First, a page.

There is so much that is brilliant about the notion of this piece. At a time when the Boer war offerings of Deon Opperman laud Afrikanerdom and sow division, there is huge space for a different look, a fantastical reinterpretation of it all, and one that has the hope of the message of Out of Order. What will help make the message clear is if the Afrikaans character is not simply the dumb Afrikaner, but more. Someone we care about. Someone who deserves more than an accent and silly mispronunciations.

Beren, I think you are amazing, and brave and creative and talented. I think that Out of Order deserves time, and thinking about, and a bit of process. I keep thinking about War Horse, and how its creators spent 18 months developing it. I think about your performers, who would shine so much more brightly, and confidently, with more discovery time; more rehearsal time. And I imagine you, the writer, or director, with only one job at a time, being able to pour everything into that specialist thing. I wish that for you. And for all of us damn theatre makers.

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5 Comments

  1. Beren Belknap

    Megan… Thank you very much for your response to Out of Order… What you say about how we are forced to make theatre in this here town is very true… Being a theatre maker here feels somewhat like being a lone ranger… You against the world… If you don’t write that script/build that set/rig those lights/direct those actors/sew that costume… then no one else will.
    Is this just because of money? Do we not have enough to support large companies and so we just do it all ourselves? Or is something that runs deeper? I feel like there are some support structures in place here and there to mentor young writer/directors (all those bursaries and whatnot)… But, unfortunately for me, it seems no one is interested in extending these opportunites to (dare I go there) a young white male… I accept this and understand the reasons behind it… And so I endeavor to go about the path of the lone theatre maker as best I can…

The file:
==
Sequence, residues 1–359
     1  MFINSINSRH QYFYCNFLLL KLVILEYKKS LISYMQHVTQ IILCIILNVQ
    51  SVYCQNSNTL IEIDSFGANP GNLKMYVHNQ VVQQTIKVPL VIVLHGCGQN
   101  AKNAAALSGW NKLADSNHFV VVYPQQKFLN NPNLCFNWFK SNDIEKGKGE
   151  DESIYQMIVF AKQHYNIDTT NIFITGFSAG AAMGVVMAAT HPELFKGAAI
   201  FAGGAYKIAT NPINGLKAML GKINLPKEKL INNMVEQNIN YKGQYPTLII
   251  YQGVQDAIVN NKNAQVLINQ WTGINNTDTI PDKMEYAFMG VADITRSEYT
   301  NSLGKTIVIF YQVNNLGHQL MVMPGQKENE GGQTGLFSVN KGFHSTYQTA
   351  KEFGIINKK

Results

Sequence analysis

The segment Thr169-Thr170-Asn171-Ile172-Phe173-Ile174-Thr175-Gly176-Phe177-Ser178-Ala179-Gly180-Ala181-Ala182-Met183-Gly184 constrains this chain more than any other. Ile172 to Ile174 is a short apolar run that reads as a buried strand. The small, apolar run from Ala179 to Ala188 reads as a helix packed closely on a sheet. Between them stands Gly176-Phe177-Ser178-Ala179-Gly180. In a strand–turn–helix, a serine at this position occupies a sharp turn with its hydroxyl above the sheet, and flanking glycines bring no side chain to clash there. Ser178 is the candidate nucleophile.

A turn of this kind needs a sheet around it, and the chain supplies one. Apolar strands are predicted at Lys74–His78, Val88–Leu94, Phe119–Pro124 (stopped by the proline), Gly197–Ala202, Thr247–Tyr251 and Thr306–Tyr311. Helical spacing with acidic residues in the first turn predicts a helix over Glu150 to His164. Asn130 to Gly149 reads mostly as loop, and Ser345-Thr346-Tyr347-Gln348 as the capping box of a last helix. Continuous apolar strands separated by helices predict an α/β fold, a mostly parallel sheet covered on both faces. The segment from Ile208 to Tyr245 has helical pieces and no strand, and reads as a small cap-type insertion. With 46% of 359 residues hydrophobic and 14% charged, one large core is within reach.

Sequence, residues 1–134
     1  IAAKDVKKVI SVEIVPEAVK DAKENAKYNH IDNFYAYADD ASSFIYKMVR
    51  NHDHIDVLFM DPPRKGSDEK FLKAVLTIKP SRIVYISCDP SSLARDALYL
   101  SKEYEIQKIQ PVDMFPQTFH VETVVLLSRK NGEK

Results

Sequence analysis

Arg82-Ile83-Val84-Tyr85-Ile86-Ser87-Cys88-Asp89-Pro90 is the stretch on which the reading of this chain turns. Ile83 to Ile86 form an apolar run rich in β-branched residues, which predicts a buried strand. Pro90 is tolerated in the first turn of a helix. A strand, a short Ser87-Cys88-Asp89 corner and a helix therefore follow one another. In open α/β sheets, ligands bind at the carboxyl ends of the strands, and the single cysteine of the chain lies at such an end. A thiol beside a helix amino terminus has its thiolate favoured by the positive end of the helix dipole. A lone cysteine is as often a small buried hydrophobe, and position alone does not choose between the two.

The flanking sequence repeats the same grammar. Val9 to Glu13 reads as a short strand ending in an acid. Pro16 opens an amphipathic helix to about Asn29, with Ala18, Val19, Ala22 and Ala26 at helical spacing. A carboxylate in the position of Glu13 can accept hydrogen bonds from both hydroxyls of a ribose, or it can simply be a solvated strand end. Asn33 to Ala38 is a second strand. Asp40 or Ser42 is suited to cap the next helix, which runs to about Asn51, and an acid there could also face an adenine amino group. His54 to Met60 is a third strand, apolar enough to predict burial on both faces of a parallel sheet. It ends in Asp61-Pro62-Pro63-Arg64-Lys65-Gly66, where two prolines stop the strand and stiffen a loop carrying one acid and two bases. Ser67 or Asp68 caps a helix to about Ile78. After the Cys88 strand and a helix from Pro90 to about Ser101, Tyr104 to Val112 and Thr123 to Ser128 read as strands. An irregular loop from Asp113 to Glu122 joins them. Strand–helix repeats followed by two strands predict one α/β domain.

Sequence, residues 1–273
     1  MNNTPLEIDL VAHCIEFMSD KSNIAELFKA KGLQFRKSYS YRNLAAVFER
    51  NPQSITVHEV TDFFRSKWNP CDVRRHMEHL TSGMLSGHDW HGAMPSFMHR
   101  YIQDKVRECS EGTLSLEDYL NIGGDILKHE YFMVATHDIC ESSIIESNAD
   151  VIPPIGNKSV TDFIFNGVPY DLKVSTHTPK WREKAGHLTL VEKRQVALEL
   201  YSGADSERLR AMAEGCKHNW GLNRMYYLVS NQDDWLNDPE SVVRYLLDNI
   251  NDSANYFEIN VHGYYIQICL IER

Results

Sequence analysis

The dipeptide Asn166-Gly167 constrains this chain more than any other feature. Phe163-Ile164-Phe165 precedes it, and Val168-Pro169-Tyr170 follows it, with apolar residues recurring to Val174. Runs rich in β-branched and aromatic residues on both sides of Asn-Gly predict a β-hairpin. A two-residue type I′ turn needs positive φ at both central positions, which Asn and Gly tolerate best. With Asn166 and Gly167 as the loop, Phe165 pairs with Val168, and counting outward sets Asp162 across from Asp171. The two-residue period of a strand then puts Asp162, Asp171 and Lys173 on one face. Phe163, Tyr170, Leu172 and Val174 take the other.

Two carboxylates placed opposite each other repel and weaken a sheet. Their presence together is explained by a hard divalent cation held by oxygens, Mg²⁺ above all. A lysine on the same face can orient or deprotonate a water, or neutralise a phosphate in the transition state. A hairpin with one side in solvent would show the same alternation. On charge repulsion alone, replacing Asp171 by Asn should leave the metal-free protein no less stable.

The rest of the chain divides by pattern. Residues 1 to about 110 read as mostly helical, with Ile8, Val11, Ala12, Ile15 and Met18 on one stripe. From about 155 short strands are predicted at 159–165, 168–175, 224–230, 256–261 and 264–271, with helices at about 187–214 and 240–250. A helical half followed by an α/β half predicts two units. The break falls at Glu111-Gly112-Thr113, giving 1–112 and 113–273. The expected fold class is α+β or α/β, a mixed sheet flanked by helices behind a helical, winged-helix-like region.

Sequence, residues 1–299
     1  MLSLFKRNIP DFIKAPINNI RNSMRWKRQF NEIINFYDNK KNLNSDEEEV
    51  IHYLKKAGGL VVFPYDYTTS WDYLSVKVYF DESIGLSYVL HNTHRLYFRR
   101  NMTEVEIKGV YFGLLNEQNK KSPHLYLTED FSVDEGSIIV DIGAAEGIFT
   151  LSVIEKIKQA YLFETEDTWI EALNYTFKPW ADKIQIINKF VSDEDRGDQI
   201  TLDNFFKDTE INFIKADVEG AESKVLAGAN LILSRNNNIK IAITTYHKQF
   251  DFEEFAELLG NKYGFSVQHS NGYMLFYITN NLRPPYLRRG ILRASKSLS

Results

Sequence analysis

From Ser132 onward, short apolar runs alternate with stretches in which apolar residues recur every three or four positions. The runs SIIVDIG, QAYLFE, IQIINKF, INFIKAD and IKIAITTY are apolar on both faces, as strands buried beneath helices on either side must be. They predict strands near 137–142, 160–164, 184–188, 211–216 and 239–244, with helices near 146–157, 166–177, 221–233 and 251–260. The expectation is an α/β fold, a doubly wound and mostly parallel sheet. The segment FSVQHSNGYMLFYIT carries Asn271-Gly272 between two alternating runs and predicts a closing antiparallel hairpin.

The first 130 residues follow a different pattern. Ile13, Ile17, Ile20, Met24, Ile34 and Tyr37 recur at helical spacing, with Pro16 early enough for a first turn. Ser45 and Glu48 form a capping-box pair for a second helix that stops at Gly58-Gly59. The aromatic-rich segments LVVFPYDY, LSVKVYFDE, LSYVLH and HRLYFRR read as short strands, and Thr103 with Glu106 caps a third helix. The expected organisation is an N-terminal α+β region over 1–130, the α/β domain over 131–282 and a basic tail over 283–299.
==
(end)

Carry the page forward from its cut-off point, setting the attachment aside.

And this show, in particular, has been a challenge… An incredibly fun challenge… But a challenge nonetheless, as we put this show together (script, set, rehearsals, everything) in the space of three weeks… I am glad that the production values are up to scratch and look polished and I am quite proud of the script (being the first all out comedy I have written)…
    The notion of the ‘dumb afrikaaner’ does distress me… Being very much an english boy, I was worried about the character veering in that direction… It is always worrying when one steps out of ones own voice when writing… But I decided to take the chance… Several people on the production team are young and Afrikaans… So I kept in constant consultation with them to make sure I was not being in anyway offensive… While they always responded positively to the character, I understand that not everyone will… We are trying to allow the comedy to come more as a result of the language barrier that exists between the the two characters rather than from an afrikaaner steriotype… maybe this is something that would have been more evident had we had a longer time to rehearse and develop the character… And move him further away from the cliche…